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Information Tools Towards Sustainable Wellness

I have been trying to wrestle with how to apply sustainable change means to the Information domain since I participated in a Change Agentry workshop last week. It’s actually been a concern for quite some time…
We’re blessed and cursed with information.
I often found myself pondering about practicality lately. In my case, about this tension between managing the information spectrum and making time to interact with our physical world. Or, rather: how should we be using information tools more effectively to manage the planet, while we take care not to overuse our web connectivity resources?
Most of the growing peta-bytes in our data farms is a wasteland of opinions, reviews, aging blogs, outdated pages and virtual existences in the never-ending search to realize our unmet desires. We spend an awful lot of time distracted. And, ultimately, were this behavior not changed, we’re going to blow the planet.
Going To Hell In A Hand Basket
Nevermind that we’re all just feeding a shapeless Beastie–who really cares about what we opine!? And, yet, if we just consider that the social web is an outlet for pent up anxiety, we’ll find it’s productive… so, I want to be clear: I’m not against it. But, I believe we could improve the value of the contributions we make on the web, being mindful of how productive our entries could be to the world at large.
We all need to make room for productive and collective exchanges. So, as we move forward in sorting all of this out it happens that we not only can nurture more productive exchanges, but could actually profit from the mining of this wave of data… Think about all the schemes to aggregate data that you could come up with to create new shared collections (crowd-sourced tagging)!
I would suggest that, while we seek to do good on the Web, digging into our mobile device offerings, lets’ engage conciously to increase community development opportunities, collective land use and cooperative food production–the things that ultimately matter to our WellBeing! The challenge at hand is to consider, then: What’s the community impact of YOUR social web footprint, of late?
We’re Not All Trained As Librarians, So We Collect, Randomly
We’ve tipped over, anyway. Most of us have no understanding that the information we generate into the Web is part of a collection, whether deliberate, or fitting someone else’s larger framework (Facebook). Inevitably this opens the door to good and bad use of that information. We should always take pause and care before committing anything into the virtual domain.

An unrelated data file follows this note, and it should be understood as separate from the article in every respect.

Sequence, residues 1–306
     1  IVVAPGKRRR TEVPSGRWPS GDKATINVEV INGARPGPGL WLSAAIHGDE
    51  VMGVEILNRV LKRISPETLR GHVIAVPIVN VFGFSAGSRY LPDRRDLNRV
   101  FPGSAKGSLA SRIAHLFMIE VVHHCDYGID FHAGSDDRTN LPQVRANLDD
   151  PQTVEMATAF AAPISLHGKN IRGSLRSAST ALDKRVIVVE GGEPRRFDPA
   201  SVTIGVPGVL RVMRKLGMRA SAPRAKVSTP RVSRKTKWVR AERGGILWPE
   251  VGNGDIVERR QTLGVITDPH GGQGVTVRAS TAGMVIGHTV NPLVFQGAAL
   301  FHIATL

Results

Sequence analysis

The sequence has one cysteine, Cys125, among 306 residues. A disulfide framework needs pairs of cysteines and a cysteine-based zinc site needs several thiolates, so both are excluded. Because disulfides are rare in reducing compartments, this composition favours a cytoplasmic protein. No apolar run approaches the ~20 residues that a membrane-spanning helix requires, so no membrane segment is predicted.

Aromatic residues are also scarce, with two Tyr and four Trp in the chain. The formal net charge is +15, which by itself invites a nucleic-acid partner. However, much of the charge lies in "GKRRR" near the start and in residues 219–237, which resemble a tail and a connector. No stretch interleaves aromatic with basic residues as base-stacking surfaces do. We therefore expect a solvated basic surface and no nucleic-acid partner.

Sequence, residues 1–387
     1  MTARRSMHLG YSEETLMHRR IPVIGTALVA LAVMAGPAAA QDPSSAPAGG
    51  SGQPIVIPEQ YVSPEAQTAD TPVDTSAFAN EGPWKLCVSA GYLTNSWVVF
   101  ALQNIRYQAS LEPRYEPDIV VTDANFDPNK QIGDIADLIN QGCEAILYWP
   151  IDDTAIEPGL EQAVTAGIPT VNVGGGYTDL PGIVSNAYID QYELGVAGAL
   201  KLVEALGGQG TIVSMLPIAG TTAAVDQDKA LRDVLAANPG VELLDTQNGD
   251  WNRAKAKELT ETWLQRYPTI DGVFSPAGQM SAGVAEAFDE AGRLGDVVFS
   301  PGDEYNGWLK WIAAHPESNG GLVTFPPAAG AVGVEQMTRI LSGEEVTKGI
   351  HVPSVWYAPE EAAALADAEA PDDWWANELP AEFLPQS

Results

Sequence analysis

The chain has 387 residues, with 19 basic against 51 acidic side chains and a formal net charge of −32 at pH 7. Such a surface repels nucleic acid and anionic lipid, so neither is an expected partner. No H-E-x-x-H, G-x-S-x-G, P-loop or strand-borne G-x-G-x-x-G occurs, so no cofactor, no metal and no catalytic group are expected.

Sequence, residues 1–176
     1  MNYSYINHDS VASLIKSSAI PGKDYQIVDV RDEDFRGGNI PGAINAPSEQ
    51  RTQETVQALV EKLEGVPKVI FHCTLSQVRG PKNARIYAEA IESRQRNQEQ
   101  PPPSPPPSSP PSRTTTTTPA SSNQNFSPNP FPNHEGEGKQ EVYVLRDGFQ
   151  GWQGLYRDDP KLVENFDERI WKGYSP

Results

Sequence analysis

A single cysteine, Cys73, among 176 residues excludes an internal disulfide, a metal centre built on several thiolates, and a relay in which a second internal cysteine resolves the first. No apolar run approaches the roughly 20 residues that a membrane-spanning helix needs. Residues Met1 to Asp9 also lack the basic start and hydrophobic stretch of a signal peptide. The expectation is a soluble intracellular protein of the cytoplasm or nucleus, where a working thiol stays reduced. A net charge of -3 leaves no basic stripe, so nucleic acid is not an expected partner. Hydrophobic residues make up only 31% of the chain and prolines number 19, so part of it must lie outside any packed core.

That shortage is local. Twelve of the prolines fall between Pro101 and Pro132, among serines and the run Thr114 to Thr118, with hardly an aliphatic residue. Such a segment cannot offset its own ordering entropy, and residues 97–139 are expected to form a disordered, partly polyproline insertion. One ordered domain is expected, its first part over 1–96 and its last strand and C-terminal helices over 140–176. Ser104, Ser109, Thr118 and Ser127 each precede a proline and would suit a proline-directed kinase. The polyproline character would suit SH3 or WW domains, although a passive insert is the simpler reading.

It all begins with the fact that we are generally afraid to miss out; and, so we seek to add our own view/perspective in the growing “conversation” on the Web.
Yet, we have some work to do to understand how to manage the collections we create, and to build new systems that can help us archive and share information efficiently. The censor deep (deeeep!) within me would say that perhaps we should require a publishing license before being allowed to contribute on the web. Thankfully, that’s highly unlikely, and the boundless space we have at hand provides plenty of room for diverse communities to find and contribute what they will, what will make them Happy.
Feelings Of The Geek Within M.E.
This loose sense that the space is boundless and should accommodate all of this traffic, though, is sadly at the heart of why we are slowly and ignorantly scorching the planet. Consider the storage needs for all those web page comments, the bot-generated spam; and, the impact of corporate fail-over policies in data management. There are tons of duplicative data systems that go unused daily; and, yet, probably represent more volume than the existing collection of written texts on the planet, at this point. We effectively have created a world of mirrors!
The Cloud may seem boundless; but, the server space and energy required to maintain them is very finite. As an information scientist, my preoccupation is going to focus on helping individuals be more productive within their given context, making the best of what they have at hand. To help them gain an advantage by enabling them to understand the signals in their environment that affect their decisions. To help them build schemes to organize their world and leverage workflows that generate information to their advantage. To act as a catalyst of change, to procure and aggregate information to do Good. Information architecture practices can be adapted to train people to be conscious of their footprints in the digital domain.